Who or what are we giving our energy to? We only have a finite amount that we can exchange. I think we all know this intuitively, as Rob pointed out, we know what it is like to expend or accept energy. Some people are life-giving, some are life-draining, and it’s not just an emotional thing. When we spend hours on facebook, or binge watching that new Netflix season (!!), we are spending energy. An awareness, a questioning around this, can be vitally important to live the lives that we want to live. Who or what am I spending my energy on? Am I being responsible with it?
As I waited for my flight from Santa Ana, the sun that I had enjoyed on the beach became hidden by the clouds. I didn’t notice it happen as I sipped my green tea lemonade and tried to figure out how to cross my legs without having to endure shooting pain (it’s not possible). After celebrating that the seat next to me was empty, I settled in for the flight and decided to spend the two hours trying to process the past several days. I shut my eyes and breathed as the adrenaline of take-off hit my body.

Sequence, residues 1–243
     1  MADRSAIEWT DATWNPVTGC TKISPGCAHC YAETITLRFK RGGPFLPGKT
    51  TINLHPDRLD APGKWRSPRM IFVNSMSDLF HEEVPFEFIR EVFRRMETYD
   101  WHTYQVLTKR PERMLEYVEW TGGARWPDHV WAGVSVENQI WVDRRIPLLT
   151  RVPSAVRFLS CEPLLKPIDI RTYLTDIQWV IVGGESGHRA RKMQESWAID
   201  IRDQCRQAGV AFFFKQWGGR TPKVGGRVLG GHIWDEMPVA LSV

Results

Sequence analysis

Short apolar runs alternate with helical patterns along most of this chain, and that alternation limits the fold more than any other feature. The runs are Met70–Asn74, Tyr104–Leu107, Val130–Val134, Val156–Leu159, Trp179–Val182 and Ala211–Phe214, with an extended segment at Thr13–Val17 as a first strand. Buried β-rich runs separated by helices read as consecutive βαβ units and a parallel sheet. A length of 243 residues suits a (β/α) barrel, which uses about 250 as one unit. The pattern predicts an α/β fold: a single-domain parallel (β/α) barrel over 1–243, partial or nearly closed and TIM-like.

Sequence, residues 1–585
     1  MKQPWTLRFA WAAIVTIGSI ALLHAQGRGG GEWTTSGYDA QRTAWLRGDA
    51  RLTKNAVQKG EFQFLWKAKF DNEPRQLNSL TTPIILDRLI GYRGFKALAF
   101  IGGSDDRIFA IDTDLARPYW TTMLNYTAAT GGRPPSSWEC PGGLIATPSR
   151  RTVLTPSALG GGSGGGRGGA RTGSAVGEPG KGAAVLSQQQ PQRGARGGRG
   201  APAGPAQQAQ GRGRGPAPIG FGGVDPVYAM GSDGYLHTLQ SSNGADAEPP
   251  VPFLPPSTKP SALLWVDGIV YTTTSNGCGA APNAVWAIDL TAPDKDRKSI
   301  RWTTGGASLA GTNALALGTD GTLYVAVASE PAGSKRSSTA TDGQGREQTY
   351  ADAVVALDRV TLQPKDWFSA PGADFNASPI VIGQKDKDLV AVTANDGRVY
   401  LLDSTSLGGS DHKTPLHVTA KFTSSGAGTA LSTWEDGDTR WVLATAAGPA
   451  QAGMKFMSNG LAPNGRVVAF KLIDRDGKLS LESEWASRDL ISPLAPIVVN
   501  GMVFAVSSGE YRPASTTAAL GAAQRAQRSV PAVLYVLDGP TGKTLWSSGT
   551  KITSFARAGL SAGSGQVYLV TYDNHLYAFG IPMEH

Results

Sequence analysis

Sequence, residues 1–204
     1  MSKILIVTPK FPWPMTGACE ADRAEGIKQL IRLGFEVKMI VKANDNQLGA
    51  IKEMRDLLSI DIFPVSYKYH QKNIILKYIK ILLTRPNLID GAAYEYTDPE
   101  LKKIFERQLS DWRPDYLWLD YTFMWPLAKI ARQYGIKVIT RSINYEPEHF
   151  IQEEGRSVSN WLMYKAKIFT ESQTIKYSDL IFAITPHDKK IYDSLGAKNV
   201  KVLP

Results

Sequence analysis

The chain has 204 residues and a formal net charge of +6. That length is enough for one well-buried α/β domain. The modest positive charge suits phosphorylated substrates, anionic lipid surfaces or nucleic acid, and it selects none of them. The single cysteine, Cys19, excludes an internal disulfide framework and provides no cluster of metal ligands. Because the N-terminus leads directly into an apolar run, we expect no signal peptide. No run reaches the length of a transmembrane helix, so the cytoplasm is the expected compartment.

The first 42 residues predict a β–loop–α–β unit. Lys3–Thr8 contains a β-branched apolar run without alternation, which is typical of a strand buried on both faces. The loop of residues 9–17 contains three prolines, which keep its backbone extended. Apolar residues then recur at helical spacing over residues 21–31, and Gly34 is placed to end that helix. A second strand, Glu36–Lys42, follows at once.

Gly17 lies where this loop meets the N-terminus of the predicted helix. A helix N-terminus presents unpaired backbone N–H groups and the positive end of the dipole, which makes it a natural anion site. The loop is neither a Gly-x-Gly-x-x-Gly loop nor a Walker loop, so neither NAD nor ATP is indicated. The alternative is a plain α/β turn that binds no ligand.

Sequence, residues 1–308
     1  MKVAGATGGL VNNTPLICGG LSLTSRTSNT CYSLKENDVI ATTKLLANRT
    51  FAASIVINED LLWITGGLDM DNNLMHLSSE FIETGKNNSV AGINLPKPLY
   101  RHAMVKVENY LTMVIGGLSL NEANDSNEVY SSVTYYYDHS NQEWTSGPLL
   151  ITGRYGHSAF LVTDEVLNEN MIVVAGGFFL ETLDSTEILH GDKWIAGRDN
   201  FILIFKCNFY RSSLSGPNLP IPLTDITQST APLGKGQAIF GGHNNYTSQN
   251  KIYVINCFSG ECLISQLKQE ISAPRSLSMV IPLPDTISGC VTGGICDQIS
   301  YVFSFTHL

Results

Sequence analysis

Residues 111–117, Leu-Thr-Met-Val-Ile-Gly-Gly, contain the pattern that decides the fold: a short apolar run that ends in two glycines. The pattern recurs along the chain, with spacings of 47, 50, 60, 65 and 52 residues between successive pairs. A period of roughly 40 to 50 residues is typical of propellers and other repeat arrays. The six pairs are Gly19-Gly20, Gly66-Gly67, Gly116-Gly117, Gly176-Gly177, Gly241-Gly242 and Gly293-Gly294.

I get a bit anxious about take offs and landings. I think it’s because someone once told me those few minutes — at the beginning and ending of the journey — are the most probable for accidents. I clutch the armrest too firmly as I practice that annoying kind of breathing they tell you to do in yoga. I kind of like the European tradition of breaking into applause when flights land. “Yay, Pilot, you did it! And we survived!”